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Int J Cancer. 2001 Dec 1;94(5):613-4.

Is COX-2 inhibition a panacea for cancer prevention?

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Unit of Chemoprevention, International Agency for Research on Cancer, Lyon, France.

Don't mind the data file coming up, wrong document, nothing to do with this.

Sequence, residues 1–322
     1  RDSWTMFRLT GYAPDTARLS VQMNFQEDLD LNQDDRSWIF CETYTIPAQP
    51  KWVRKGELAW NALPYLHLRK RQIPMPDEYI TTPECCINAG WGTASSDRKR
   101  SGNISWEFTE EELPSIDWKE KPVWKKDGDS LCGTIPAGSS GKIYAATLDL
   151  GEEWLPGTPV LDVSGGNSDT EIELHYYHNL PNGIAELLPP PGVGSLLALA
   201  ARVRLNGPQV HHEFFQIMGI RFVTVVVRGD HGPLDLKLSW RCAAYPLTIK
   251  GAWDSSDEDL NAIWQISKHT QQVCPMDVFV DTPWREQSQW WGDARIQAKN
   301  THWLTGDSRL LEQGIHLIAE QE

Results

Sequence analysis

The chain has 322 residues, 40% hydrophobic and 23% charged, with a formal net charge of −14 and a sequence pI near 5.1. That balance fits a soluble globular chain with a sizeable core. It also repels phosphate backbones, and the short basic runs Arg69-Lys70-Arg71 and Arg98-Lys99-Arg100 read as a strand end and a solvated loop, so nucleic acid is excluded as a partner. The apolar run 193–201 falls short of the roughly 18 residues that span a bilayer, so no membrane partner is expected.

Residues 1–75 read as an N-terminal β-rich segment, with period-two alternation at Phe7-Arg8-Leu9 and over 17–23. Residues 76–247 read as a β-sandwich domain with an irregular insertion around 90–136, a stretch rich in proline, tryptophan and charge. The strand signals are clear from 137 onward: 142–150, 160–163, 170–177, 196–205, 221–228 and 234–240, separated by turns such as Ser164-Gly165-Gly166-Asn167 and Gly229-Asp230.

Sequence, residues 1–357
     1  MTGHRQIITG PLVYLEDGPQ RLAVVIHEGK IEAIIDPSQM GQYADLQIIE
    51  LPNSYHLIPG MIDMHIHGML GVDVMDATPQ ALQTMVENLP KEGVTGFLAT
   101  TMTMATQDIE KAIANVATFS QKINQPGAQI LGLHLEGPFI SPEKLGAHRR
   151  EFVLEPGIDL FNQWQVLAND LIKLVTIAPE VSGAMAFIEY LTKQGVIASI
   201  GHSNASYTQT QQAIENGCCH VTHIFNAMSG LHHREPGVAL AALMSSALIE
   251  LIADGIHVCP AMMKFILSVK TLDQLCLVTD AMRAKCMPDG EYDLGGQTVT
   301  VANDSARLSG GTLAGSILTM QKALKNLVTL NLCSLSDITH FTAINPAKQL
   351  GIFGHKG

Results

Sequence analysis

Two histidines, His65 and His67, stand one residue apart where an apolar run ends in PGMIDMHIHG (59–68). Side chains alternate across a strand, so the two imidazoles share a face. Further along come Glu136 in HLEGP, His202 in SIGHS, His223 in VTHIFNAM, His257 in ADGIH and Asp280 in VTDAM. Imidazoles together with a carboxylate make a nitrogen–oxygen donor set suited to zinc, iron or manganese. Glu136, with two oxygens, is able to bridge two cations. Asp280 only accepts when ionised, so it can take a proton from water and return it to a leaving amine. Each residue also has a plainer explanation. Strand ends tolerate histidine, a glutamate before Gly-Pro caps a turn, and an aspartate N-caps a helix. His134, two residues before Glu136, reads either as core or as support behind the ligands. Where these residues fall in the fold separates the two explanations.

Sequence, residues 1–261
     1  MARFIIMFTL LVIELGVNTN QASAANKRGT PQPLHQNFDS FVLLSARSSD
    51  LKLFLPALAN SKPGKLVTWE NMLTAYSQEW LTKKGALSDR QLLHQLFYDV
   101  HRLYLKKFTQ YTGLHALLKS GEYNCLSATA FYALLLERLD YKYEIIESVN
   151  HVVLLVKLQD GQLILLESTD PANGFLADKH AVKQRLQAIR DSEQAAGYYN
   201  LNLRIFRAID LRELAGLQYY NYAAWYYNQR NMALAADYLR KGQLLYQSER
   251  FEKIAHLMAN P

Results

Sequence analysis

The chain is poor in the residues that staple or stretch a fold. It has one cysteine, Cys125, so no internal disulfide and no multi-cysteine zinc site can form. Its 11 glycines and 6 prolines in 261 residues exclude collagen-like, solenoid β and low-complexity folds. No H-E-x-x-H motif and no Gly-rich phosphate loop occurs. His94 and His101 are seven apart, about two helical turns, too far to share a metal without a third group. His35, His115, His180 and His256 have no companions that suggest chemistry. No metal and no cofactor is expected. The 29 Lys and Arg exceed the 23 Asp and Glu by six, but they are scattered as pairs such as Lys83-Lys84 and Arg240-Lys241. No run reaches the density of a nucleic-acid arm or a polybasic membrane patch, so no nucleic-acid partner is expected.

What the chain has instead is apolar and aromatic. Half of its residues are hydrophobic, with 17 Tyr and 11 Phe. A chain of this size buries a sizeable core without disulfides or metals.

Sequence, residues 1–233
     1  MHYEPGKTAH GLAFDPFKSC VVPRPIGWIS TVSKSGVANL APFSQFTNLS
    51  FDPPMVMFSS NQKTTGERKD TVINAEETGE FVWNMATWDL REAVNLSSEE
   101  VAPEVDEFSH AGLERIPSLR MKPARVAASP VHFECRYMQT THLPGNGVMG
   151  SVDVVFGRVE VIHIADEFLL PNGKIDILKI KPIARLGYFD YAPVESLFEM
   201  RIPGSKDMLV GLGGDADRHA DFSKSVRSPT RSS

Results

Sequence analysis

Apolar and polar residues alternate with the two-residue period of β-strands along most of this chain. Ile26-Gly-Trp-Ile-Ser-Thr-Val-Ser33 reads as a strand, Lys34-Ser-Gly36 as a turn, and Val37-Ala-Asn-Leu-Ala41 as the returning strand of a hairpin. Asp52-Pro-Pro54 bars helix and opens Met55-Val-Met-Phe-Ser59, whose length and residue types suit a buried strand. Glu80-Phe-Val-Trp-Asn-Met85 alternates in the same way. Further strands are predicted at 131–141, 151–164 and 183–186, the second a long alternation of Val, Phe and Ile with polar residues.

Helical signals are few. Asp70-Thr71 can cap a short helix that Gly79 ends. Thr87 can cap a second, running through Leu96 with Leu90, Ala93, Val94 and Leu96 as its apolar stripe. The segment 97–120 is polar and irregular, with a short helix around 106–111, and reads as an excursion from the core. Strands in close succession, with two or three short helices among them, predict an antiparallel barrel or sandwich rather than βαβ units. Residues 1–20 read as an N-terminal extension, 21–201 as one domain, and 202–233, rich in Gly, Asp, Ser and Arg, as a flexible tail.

The epidemiologic evidence and rodent studies suggest strongly that nonselective inhibitors of cyclooxygenase (COX) enzymes such as aspirin, inhibiting both COX-1 and COX-2 isoforms, reduce the incidence of and mortality from intestinal tumors. Genetically manipulated animals show that both Cox-1 and Cox-2 disruptions decrease the tumor yield, both in genetically predisposed and in carcinogen-treated mice. The mechanisms by which COX-1 and COX-2 deficiency decrease tumorigenesis are still unknown. Cox-2 overexpression increased the tumor yield in mammary glands of the multiparous, but not virginal female transgenic mice using the murine mammary tumor virus promoter. The Cox-2 protein was strongly induced during pregnancy and lactation. These data suggest that Cox-2 overexpression may be an important target for cancer chemoprevention. This finding was supported by the observed cancer-preventive effects of the COX-2-specific inhibitors in humans and in rodents. However, based on the available data, we cannot totally attribute the cancer preventive effects of nonsteroidal antiinflammatory drugs (NSAIDs) to COX-2 alone-even COX-1 may have an important role in cancer prevention as suggested by the Cox-1-deficient Min mice. It is likely that COX-1 plays a more important role in NSAID-induced toxicity in humans, such as in gastric ulcer formation-but inhibition of COX-2 may not be without toxic manifestations either, as suggested by the poor survival of the Cox-2-nulled mice. Combinations of COX-2 inhibitors with other agents that target other pathways in carcinogenesis may be a more efficacious and a less toxic strategy in cancer chemoprevention.

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